The appearance of aggressive themes in the pretend play and conversation of three- and four-year-olds can be a sign of developmental progress. As parents, we want our children to be appropriately assertive and independent, so we do want to foster the feelings that can fuel assertiveness—but at the same time control aggression, such as hitting or breaking things, that becomes hurtful or harmful.

Assertiveness is part of our emotional life. Over time, it will be impossible for your child to avoid dealing with some aggression. As the parent, you can offer your child some outlets for assertiveness while setting limits to keep impulsive behavior in check. Let her play out themes of power while staying within such limits as never inflicting bodily harm or deliberately breaking toys. These situations will let your child know that she can test her aggression, understanding that you will be there to rein her in if her aggression goes too far.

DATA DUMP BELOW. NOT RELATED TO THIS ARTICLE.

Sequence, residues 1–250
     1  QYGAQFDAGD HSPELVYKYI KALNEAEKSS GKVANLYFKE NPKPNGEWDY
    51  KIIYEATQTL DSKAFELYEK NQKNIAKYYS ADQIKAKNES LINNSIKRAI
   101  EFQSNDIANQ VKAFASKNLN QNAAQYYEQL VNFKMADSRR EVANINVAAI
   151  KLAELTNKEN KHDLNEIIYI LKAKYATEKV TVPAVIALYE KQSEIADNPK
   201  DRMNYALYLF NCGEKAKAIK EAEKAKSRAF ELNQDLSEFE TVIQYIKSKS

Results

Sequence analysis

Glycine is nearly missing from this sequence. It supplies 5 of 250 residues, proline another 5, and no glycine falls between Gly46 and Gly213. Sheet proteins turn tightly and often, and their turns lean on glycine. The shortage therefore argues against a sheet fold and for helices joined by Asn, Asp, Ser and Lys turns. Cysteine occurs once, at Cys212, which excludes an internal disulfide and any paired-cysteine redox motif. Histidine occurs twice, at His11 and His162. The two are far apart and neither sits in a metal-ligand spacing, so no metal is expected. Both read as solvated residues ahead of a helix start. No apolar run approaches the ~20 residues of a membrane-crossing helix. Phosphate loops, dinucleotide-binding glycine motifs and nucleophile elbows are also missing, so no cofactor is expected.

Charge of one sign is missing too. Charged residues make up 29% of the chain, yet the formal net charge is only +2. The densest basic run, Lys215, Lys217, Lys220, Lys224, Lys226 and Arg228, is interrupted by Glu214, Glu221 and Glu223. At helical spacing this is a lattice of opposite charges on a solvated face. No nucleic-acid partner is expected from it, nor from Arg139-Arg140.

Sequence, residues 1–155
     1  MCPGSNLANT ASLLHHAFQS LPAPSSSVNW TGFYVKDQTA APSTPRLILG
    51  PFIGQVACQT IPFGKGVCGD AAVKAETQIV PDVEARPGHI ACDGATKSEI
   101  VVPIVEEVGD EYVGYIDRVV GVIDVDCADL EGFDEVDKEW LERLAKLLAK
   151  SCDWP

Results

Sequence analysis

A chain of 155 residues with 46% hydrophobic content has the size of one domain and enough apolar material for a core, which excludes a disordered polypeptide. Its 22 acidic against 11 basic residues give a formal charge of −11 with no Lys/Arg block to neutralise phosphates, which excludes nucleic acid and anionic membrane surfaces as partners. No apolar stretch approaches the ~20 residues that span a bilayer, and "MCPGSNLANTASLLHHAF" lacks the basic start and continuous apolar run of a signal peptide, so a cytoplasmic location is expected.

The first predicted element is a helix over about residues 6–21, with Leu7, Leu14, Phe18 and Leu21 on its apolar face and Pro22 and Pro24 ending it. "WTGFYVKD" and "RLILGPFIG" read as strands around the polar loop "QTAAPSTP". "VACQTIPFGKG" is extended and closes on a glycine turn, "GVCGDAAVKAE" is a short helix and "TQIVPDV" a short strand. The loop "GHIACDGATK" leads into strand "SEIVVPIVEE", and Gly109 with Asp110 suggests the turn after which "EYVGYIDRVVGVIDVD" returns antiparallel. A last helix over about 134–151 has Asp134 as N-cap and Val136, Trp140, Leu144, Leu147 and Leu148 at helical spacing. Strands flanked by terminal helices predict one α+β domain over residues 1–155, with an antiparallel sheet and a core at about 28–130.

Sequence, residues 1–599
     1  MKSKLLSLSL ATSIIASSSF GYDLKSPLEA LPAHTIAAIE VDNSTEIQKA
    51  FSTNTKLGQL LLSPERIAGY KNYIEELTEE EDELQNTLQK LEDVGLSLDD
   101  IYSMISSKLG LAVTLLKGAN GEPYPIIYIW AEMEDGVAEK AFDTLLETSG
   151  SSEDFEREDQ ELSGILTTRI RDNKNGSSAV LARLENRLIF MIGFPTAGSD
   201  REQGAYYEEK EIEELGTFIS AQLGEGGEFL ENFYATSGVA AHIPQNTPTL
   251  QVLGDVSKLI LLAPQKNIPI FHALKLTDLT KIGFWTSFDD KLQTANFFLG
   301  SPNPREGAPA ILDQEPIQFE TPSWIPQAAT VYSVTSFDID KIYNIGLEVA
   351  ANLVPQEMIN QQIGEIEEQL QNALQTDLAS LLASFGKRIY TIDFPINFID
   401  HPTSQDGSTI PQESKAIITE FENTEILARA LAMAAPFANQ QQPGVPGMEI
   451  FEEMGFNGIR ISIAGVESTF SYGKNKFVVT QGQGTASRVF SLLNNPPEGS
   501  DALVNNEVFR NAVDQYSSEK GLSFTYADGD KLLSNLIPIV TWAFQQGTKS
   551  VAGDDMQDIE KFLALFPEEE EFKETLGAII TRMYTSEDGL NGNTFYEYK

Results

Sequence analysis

You may see your child experiment with power in many ways, whether in his use of words or through imaginative play. Your child may take on a more verbally feisty stance with you and challenge your authority, for example. As your child plays, his taking on the role of a superhero, casting a magic spell, or winning a game are all part of learning about power. Every time your child imagines himself bigger, stronger, faster, smarter, and more powerful than that scary creature in a dream, some sense of control over life is regained.

At this stage of development, your child is bridging feelings of vulnerability to real and imagined threats. Your developing bundle of love will need to act out feeling powerful along with receiving extra love and empathy from you as reassurance that checks and balances exist for the “bad” things that can happen. In the process of mentoring your child on how to be appropriately assertive, you can help him use words to convey and extend all of life’s themes—from power and assertiveness to caring and loving-kindness.

Aggressive themes combined with your warmth and empathy will help your child learn to become a warm, caring, and appropriately assertive person.